• United States


May 19, 20044 mins

* Help a wayward columnist choose and install a router

I feel like a boy at Disney World whose head doesn’t quite reach Mickey’s hand, thus rendering him too short to ride Space Mountain. And I’m hoping you readers can help me grow a half-inch.

I was lunching with my Network World editor, Toni Kistner, see. And because I’m new, I was trying to get a handle on my readers – their likes, dislikes and, in particular, their level of technical adeptness.

Toni told me we assume very little in the way of IT expertise; after all, home-based business people wear many hats. Underlining her point, she said, “We really assume nothing except maybe that they own and use a PC and a router.”

I said, “I don’t own a router.”

Toni paused – contemplating, no doubt, the mistake she’d made in hiring me. I scrambled to defend myself, pointing out that I’ve been writing about enterprise-grade technology for 18 years. I’ve chatted with CIOs about their $10 million CRM software implementations; I have a good grasp on the most promising spam-filtering techniques; and I understand why real-time synchronization is important for some workers’ handheld devices, but not for others’.

Nevertheless, my home technology setup is simple. We have two PCs, each with its own cable-modem connection. Originally, we had one home PC and a dial-up connection. When I began to work at home, I took over the computer. This frustrated us all – my wife and kids found their access limited, and I was inconvenienced whenever one of them needed the PC.

The problem was exacerbated when we got a cable modem, because the rest of the family saw they were missing out on a good thing.

All this led to the purchase of a second PC that lives in the kitchen. We needed broadband for it, and thus I faced the decision. Buy a router, which everybody swore was a simple, cheap, plug-and-play answer, or chicken out and have the cable company install a separate cable modem.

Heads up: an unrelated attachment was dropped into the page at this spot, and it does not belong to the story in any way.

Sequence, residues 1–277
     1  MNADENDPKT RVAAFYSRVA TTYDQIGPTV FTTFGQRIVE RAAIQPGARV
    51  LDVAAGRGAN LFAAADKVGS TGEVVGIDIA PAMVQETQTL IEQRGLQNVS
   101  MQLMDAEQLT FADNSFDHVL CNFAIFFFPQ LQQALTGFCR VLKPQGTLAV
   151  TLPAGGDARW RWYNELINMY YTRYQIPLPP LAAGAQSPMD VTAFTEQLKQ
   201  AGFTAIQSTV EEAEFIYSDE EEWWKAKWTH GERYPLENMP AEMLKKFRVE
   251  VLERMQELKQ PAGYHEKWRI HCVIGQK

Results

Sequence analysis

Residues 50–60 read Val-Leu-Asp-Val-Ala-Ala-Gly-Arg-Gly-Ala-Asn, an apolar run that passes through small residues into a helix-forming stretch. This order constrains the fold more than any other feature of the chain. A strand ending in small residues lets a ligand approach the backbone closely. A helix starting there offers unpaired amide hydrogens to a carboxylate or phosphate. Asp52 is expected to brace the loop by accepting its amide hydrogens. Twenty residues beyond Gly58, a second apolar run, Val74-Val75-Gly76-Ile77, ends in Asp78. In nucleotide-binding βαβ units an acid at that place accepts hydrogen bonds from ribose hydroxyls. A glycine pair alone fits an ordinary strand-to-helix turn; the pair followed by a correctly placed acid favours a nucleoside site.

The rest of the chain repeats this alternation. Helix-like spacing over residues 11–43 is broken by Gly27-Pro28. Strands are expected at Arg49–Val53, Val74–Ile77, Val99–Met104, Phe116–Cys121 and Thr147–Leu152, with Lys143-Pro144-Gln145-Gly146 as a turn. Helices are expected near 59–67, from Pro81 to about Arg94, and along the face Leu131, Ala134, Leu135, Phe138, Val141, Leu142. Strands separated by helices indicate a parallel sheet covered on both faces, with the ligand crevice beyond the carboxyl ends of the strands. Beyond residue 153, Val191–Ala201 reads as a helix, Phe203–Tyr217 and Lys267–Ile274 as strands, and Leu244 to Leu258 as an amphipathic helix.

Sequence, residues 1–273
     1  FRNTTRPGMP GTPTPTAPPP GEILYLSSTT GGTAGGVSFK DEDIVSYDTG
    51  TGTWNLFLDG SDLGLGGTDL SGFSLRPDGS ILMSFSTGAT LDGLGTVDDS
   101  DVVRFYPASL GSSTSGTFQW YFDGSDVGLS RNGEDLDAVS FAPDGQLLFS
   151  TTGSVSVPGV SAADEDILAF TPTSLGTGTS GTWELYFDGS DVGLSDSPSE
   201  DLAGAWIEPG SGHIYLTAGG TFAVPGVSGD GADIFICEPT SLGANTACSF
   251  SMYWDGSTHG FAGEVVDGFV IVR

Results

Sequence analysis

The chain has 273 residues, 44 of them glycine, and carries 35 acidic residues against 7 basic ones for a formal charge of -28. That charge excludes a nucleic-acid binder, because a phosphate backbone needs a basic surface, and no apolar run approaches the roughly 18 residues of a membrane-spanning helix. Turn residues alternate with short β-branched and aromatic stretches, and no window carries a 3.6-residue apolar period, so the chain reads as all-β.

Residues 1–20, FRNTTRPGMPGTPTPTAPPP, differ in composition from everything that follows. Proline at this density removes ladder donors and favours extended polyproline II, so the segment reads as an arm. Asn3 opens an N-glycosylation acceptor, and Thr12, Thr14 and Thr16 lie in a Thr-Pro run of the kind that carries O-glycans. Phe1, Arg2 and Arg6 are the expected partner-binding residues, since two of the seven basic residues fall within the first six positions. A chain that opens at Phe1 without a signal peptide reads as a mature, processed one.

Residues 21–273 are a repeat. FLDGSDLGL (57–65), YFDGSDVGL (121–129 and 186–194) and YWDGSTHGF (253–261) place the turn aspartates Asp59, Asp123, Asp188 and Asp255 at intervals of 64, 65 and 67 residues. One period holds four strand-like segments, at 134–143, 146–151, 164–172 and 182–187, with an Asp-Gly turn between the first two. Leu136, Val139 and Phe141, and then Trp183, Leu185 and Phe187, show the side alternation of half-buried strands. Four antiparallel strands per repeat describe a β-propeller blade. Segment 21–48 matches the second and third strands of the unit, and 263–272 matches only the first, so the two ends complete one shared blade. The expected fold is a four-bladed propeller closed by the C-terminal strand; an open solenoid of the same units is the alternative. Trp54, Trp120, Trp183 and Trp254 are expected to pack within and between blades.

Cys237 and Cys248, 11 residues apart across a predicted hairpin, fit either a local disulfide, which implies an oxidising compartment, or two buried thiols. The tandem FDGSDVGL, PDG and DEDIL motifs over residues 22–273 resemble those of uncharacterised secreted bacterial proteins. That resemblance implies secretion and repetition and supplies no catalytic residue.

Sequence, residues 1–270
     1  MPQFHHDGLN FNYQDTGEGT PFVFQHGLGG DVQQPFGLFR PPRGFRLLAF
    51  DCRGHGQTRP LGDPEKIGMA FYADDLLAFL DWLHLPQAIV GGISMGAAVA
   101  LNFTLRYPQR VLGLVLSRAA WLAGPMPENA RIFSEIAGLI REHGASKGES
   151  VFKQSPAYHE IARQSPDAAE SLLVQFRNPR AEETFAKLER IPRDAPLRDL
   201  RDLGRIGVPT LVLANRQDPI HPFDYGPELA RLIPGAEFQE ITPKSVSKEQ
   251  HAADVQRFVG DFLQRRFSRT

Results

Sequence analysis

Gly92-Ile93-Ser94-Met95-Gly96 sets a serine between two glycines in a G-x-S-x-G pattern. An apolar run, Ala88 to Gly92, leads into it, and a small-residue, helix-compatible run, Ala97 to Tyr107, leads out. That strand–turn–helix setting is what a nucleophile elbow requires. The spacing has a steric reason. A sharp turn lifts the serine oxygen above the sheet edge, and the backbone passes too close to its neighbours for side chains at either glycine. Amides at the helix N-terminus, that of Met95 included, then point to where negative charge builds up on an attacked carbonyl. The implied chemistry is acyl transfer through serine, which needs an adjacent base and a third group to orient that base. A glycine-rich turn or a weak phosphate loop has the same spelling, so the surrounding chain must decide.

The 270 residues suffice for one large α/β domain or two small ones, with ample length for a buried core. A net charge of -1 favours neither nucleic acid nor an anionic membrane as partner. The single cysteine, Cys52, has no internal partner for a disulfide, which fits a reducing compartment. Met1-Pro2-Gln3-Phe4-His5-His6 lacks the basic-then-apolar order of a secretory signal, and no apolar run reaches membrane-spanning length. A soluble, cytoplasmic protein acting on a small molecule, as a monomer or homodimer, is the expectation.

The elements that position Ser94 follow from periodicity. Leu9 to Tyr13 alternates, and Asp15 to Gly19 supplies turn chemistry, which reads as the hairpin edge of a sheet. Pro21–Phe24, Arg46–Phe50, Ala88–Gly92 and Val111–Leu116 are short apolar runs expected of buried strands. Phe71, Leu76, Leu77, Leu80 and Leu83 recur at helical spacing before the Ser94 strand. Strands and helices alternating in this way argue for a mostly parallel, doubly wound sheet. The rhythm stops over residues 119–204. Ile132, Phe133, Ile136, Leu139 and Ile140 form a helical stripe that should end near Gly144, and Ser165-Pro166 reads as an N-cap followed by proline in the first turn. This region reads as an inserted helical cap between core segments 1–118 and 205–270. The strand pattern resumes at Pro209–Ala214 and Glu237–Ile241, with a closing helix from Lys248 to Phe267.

I chickened out. In many ways, I’m not sure this was a mistake. The service is reliable, and even when it goes down, the two-modem system is a nice troubleshooting device. If both units are down, I assume there’s a problem in my area. If only one is on the fritz, I call support.

But I do pay a price for being timid. The additional cable modem cost $50, about half what a good home router would have, but I also pay $20 monthly for the service. In 18 months, I’ve paid $350 so that I wouldn’t have to connect a few wires, read manual and drill three holes in the floor.

OK, that does it. Partly because I’m cheap and partly because I want to report back to you on my adventures, I vow to buy and install a home router in the next several months.

But I need your help. Have you been through this? Was it as easy as people say? Were there unexpected problems? What future technologies should factor into my decision? Here are some things you should know:

* We have two desktop PCs, both running Windows XP.

* Our cable modems run at 2M bit/sec and will be upgraded to 3M bit/sec soon.

* In the next 18 months, I hope to upgrade to a notebook PC that serves as a desktop replacement.

* It would be really cool to access the Internet on that notebook wirelessly.

So there you have it – a plea for advice from a guy who’s supposed to be offering you the same. Send me your thoughts and horror stories. I promise to report back on my progress – or lack thereof.